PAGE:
That's Palast's theory. The exit polls measured how people thought they'd voted, not whether their votes were counted. Bush won Ohio by 136,000 votes. But more than that were discarded, and the discards were heavily minority voters. Democratic members of House Judiciary Committee in Washington concluded there were "numerous, serious election irregularities in the Ohio presidential election, which resulted in a significant disenfranchisement of voters. Cumulatively, these irregularities, which affected hundreds of thousands of votes and voters in Ohio, raise grave doubts regarding whether it can be said the Ohio electors selected on December 13, 2004, were chosen in a manner that conforms to Ohio law, let alone federal requirements and constitutional standards." The Government Accountability Office is still investigating.
But what does this have to do with DREs? Compared to punchcard voting, it sure seems like electronic touchscreens would be a big improvement, with or without printouts?
Yes. So glad I brought that up. In fact, that's what most people thought after Florida 2000, according to Doug Chapin, the president of Electionline.org, a nonprofit watchdog. The sight of Dade County officials holding up perforated ballots to the light (was that chad "hanging" or merely "dimpled"?) was seared into our brains, Chapin says. So, no surprise, all over the country elections officials jumped at the chance to buy paperless DREs--no more squinting! The computer does all the work! "DREs were the next big thing," Chapin told our legislative study committee.
And wouldn't DREs help with provisional ballot issues, too?
They could, sure. DREs in any precinct could be programmed to hold the different ballots for all of the precincts in a given jurisdiction--say, a county. Regardless where you voted in Wake, for example, if election officials looked up your registration and punched in the right precinct number, out would come your correct ballot.
OK, so one DRE machine screwed up in Carteret County. But it's a long, long way from that to the 93,000 "spoiled" votes in Ohio, or the 180,000 in Florida four years ago. Aren't the DREs still way ahead?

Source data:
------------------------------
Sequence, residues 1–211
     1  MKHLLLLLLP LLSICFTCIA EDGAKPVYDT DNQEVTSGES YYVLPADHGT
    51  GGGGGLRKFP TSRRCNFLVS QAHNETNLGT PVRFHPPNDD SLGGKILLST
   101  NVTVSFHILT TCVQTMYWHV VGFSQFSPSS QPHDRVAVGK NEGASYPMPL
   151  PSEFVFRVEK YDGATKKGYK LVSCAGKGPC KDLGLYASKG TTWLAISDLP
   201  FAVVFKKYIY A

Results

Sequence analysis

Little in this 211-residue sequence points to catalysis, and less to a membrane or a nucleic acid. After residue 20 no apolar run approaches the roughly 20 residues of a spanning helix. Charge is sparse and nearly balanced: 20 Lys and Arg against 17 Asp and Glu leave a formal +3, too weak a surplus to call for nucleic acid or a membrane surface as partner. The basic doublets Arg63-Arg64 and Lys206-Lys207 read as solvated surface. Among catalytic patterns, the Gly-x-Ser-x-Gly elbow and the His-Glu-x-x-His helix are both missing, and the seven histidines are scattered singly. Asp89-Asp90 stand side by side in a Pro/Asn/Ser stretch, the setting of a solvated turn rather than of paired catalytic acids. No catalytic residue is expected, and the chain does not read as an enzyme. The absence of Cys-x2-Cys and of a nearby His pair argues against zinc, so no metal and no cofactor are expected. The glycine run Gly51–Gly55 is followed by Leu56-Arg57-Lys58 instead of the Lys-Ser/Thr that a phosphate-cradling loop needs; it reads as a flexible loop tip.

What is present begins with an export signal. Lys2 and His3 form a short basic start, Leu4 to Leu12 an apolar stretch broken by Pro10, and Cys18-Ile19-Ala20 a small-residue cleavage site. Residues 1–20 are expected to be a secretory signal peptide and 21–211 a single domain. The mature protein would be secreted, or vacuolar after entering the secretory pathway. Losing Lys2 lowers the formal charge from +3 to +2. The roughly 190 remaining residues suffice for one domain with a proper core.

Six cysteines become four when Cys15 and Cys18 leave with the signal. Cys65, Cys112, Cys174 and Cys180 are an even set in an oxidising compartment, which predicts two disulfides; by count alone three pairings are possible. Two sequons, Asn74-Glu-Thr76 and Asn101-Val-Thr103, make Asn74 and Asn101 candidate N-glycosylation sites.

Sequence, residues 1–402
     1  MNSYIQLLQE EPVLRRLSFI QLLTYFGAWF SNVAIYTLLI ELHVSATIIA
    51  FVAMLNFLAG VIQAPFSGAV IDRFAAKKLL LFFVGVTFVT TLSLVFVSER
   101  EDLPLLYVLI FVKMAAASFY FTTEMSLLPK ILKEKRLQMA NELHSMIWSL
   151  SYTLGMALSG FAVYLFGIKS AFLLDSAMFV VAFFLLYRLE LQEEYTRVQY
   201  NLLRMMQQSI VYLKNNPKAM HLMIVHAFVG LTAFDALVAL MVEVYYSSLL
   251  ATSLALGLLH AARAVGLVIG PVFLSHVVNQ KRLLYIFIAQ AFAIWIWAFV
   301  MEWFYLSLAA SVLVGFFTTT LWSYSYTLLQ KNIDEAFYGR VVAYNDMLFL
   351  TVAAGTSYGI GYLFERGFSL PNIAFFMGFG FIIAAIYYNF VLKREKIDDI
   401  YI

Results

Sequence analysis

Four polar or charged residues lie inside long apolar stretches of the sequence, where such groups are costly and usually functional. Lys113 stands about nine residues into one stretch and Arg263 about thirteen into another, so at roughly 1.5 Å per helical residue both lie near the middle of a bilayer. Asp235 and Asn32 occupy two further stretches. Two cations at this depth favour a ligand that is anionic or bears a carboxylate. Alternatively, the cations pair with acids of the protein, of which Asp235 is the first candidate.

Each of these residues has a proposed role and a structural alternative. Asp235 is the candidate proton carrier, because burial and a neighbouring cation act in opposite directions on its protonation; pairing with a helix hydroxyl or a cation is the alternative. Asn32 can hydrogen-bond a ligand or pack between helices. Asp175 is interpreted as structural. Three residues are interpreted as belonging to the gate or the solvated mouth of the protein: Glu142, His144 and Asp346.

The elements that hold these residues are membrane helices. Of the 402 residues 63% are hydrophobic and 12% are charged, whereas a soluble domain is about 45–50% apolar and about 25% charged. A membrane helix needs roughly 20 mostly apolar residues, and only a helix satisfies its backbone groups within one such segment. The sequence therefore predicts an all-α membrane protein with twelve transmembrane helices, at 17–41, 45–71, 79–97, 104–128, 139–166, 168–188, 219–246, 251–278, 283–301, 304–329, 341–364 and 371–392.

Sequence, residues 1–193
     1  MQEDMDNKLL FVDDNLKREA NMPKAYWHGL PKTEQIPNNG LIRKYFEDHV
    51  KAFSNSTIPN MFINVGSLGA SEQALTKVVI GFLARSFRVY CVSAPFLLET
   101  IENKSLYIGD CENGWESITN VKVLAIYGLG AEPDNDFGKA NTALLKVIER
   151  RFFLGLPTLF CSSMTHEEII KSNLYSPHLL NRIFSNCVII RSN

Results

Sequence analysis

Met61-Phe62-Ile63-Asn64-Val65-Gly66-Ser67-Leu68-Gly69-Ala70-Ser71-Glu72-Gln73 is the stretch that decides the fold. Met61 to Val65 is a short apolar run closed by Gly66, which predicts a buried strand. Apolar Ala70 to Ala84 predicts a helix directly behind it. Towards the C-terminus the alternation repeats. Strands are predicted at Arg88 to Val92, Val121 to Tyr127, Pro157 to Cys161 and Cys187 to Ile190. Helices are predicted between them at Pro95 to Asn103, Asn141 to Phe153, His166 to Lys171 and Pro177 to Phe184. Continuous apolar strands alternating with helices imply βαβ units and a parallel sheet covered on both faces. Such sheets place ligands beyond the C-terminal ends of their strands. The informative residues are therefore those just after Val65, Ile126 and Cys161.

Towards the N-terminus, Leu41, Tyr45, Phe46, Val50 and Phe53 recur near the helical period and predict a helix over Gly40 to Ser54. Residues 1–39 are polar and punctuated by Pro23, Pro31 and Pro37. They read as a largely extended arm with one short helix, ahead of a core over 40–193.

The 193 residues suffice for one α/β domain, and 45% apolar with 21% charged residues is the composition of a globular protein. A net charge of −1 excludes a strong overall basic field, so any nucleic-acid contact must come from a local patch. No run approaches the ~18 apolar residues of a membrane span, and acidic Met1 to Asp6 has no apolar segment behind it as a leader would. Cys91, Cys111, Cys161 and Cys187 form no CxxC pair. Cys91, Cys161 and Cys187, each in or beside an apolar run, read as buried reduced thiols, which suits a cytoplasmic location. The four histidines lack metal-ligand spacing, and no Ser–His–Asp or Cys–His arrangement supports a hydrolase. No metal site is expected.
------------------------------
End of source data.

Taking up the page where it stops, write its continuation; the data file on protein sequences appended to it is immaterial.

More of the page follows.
No. First of all, Carteret County wasn't the only DRE screwup, or even the only one in North Carolina. It was just the only one where enough votes were lost--irretrievably--to throw a statewide election outcome into doubt. (Or, to be accurate about it, it's the only one of that kind that we know about.)
DREs fail all the time, as do all voting machines--they're machines, see, so they crash. On Election Day in Maryland, 11 percent of the DRE machines quit at some point. After Florida raced to put in DREs for its 2002 elections, they crashed so often and performed so badly that, with Gov. Jeb Bush's embarrassed support, Congress was forced to pass the Help America Vote Act--legislation the Bush administration was cheering with one hand and delaying with the other up to then. HAVA gives the states money to buy new equipment.
Second, it's not clear DREs give you fewer "spoiled" votes than their major competition, which is not punchcard machines but rather paper ballots--either the simple, hand-counted kind, or the ones you mark and then feed into an optical scanner to be counted.
In fact, a 2001 study by the Caltech/MIT Voting Technology Project concluded after studying the previous four presidential elections that paper ballots and optically scanned ballots (as well as the old-timey lever machines that nobody likes anymore because they're so bulky and balky) "produce lower residual vote rates on the order of 1 to 2 percent of all ballots cast over punch card and electronic methods" (emphasis mine).
You're losing me. What's a residual vote?
It's a "spoiled" vote--aka an "overvote" or an "undervote." An overvote is where you mark your ballot for two candidates, say, when you're only supposed to pick one. Your votes don't count. An undervote is when you don't vote for any of the candidates in a given election--you vote for governor, say, but not for president. Or, perhaps you did punch a chad for a presidential candidate, or touched a screen, but your punch/touch didn't register. That's an undervote.
I thought DREs didn't let you overvote or undervote?
Right. If you overvote, the DRE rejects it, tells you why, and you get to try again. If you undervote, it "nudges" you--don't you wanna vote for president, dogcatcher, whatever (hint, hint)?
So how come there're still residuals with the DREs?
The Caltech/MIT researchers attribute it to "human factors." Remember, people get flustered enough filling out paper ballots. They don't know who any of the candidates are, perhaps, or what a state auditor does. It's like taking a test in school and flunking. So imagine how the computer-unsavvy voter feels when he's "nudged" by a talking touchscreen that tells him, "No good. Try again." He may just walk away. But, over time, that problem should lessen, the experts say.
Anecdotally, there were lots of Election Day stories of people who said they "touched" Kerry and the machine came up "Bush," or in some other way failed to reflect their choices. I've seen nothing that tells me any software was systematically tampered with, however. Then again, if the hackers were any good, Herrin tells me, nobody'd know they were even there.
That's the big question, isn't it? Could a hacker, or a corrupt official, get into the software, change the results and throw an election?